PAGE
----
Next week, the red planet is making its closest approach to Earth in 15 years.
The two planets will be just 57.6 million kilometres apart next Tuesday. And on Friday, Mars will be in opposition. That means Mars and the sun will be on exact opposite sides of Earth. That same day, parts of the world will see a total lunar eclipse.
Mars is already brighter than usual and will shine even more and appear bigger as Tuesday nears. Astronomers expect good viewing through early August. A massive dust storm presently engulfing Mars, however, is obscuring surface details normally visible through telescopes. The Martian atmosphere is so full of dust that NASA’s Opportunity rover can’t recharge not enough sunlight can reach its solar panels and so it’s been silent since June 10. Flight controllers don’t expect to hear from 14-year-old Opportunity until the storm subsides, and maybe not even then.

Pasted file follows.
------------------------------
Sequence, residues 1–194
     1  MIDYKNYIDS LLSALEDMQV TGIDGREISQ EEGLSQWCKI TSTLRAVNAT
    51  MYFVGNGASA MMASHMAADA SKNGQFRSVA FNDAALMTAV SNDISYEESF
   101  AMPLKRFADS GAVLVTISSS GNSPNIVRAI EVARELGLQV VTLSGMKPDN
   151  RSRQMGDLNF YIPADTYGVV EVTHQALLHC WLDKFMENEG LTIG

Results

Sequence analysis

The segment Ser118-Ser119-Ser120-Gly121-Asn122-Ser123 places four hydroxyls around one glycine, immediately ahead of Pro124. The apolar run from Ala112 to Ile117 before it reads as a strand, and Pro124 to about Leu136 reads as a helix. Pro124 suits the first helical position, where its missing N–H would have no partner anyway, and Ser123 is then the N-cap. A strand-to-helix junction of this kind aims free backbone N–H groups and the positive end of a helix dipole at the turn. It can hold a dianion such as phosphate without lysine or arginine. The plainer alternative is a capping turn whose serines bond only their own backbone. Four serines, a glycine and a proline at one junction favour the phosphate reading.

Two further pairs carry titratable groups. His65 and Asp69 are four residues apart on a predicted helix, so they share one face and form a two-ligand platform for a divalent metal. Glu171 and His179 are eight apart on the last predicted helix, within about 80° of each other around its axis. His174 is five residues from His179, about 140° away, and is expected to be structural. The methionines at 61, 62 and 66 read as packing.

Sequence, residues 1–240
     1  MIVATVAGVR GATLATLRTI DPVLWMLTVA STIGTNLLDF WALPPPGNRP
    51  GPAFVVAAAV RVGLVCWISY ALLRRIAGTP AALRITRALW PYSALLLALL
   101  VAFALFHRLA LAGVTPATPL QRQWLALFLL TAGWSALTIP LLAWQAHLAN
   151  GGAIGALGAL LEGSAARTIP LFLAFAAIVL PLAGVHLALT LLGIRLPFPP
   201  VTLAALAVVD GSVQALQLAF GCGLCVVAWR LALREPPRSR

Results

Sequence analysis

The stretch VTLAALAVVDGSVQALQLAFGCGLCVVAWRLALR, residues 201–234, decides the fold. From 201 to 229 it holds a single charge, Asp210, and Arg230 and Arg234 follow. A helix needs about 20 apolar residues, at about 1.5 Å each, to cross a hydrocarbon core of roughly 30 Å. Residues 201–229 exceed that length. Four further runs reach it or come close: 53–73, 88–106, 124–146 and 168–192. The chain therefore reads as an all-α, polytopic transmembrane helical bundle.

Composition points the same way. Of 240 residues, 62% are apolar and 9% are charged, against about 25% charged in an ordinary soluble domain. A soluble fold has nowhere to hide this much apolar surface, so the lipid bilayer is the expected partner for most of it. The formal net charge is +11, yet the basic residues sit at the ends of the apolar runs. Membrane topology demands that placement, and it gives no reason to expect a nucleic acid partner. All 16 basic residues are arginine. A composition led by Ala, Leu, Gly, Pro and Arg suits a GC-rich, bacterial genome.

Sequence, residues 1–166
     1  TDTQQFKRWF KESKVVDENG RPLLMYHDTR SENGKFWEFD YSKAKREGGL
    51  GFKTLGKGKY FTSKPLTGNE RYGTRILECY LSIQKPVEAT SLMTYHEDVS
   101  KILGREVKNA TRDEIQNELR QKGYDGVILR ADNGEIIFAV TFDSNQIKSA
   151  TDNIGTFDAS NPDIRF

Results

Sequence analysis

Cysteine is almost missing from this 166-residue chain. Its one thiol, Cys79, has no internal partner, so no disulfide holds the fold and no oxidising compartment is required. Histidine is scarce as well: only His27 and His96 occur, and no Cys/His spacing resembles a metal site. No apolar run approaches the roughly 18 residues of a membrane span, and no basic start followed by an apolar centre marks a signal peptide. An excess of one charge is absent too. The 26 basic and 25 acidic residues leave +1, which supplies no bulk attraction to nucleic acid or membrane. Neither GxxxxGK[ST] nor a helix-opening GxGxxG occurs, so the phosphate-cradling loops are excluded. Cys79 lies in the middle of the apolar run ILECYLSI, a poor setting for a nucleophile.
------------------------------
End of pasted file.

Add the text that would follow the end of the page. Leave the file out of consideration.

The next close approach, meanwhile, in 2020, will be 62 million kilometres, according to NASA. Observatories across the US are hosting Mars-viewing events next week. Los Angeles’ Griffith Observatory will provide a live online view of Mars early Tuesday.
The total lunar eclipse on Friday will be visible in Australia, Africa, Asia, Europe and South America. A total lunar eclipse occurs when the sun, Earth and moon line up perfectly, casting Earth’s shadow on the moon. Friday’s will be long, lasting 1 hour and 43 minutes.
A blood moon will appear in the night sky around much of the world on Friday night as the moon moves into the shadow of the earth for the longest lunar eclipse of the 21st Century.
The total eclipse will last 1 hour, 42 minutes and 57 seconds, though a partial eclipse precedes and follows, meaning the moon will spend a total of 3 hours and 54 minutes in the earth’s umbral shadow, according to NASA.
The eclipse will be visible from Europe, Africa and the Middle East between sunset and midnight on July 27 and then between midnight and sunrise on July 28 in much of Asia and Australia.